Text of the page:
Although Christian art is now seen as a major part of the Christian religion, during the first three centuries of the church there was no Christian art and the church generally resisted it. Clement of Alexandria criticized religious art by calling it pagan. In his view, it encouraged people to worship that which had been created rather than the Creator (3, 79). But by mid-3 rd century pictorial art began to be used and accepted in the Christian church but not without fervent opposition in some congregations. Warnings against this development were voiced by such leading theologians as Eusebius, who being the most diligent glorifier of Constantine, characterized the use of images of the Apostles Paul and Peter as well as of Christ himself as a pagan custom (1, 1). One reason that some Christians balked at the idea of icons was because of the emperor's cult.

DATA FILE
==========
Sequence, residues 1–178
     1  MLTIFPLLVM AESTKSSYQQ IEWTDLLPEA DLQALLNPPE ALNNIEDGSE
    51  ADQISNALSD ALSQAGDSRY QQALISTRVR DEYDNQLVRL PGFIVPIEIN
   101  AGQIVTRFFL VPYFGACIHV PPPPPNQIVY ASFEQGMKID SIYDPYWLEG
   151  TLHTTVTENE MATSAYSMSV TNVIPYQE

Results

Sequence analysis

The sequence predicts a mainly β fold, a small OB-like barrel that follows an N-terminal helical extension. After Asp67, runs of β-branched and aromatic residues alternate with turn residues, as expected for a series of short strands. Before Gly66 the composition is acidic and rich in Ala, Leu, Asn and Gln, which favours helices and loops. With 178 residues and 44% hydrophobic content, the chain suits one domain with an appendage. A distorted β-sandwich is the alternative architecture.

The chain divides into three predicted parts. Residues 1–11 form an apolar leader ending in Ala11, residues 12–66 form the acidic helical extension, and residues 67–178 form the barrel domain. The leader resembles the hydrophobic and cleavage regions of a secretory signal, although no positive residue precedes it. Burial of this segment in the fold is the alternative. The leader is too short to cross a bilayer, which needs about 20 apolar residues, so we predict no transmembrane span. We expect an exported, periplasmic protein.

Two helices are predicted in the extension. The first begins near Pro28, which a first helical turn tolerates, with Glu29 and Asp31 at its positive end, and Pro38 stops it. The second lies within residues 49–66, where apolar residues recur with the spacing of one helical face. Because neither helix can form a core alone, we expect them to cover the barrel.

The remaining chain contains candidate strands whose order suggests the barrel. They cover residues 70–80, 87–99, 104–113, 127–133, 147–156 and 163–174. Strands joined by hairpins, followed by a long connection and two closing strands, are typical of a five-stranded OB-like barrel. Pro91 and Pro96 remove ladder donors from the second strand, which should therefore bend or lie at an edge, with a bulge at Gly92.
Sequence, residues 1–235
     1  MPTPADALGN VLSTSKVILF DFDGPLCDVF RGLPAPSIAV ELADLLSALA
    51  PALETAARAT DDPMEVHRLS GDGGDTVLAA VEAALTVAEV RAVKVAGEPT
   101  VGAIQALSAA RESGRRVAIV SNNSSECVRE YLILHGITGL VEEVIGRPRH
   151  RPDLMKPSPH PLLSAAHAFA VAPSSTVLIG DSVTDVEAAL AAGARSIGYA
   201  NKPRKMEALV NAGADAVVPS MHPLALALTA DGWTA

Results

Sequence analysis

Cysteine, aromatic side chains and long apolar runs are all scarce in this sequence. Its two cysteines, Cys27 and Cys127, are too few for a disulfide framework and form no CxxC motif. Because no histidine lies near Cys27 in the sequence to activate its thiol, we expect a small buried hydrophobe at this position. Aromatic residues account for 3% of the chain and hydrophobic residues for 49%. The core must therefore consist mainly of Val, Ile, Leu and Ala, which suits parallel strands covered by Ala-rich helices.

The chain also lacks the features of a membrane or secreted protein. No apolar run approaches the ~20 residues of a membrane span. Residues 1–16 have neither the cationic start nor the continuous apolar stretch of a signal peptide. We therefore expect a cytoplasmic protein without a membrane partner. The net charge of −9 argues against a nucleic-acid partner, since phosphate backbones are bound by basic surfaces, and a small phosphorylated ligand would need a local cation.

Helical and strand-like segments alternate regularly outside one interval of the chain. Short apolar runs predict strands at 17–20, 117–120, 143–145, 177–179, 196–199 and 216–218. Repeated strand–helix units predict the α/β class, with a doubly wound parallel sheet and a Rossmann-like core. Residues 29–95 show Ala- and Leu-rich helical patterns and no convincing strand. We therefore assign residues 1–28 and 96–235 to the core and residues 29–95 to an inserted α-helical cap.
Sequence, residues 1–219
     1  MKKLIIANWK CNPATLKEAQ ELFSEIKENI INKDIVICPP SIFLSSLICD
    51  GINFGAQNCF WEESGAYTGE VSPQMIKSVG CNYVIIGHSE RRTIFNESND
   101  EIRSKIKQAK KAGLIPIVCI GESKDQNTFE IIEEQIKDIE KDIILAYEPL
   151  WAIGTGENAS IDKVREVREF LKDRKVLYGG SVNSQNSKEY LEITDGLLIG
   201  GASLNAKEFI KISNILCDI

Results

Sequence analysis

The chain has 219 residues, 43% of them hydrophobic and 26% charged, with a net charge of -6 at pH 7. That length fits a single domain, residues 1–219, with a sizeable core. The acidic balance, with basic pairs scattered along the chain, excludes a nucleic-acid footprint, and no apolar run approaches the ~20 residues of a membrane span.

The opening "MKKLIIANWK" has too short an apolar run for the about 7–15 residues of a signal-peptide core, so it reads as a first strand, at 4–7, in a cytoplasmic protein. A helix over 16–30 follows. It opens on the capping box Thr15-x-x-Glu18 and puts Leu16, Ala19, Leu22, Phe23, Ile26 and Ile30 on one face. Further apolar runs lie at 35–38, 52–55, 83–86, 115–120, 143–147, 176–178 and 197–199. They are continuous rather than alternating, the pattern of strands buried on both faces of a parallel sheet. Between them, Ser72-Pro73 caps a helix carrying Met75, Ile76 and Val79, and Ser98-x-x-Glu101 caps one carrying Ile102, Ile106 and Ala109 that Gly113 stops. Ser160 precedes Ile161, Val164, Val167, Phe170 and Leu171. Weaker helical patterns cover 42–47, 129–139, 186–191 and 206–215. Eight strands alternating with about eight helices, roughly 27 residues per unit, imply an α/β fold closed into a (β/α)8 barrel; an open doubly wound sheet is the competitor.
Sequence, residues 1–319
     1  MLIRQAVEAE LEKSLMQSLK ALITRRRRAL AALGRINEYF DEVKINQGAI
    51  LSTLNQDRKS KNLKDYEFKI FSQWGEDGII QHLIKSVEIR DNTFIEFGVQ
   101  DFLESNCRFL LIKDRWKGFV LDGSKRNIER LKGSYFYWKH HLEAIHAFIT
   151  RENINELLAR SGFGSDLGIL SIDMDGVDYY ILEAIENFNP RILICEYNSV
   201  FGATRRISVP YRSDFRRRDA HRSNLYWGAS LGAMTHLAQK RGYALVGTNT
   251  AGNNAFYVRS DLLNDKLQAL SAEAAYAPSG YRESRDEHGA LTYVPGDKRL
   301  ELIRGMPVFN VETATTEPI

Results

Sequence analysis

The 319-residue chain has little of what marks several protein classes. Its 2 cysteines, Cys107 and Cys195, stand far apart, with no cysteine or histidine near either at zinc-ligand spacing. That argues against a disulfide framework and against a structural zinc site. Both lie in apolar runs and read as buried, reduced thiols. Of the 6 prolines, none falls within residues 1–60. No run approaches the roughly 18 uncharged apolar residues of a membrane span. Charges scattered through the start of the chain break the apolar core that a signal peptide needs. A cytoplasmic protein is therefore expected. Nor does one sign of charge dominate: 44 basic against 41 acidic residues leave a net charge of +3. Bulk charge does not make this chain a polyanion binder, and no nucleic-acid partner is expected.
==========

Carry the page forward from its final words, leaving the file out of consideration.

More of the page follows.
It was through anti-Christian legislation that Christians were compelled to venerate the imperial images by offering sacrifices to them. The refusal to make the sacrifice was the chief cause of martyrdom at the time. Thus, after the church was recognized as the Roman imperial church, its reaction was expressed in the riotous destruction of the pagan divine images. Although it is some Protestants belief that the development of ecclesiastical art was a part of the entire process of the church's inner decay and corruption, the church developed a form of art particular to its needs. But Christian art developed at a slower rate. This was due partially to its origins in Judaism.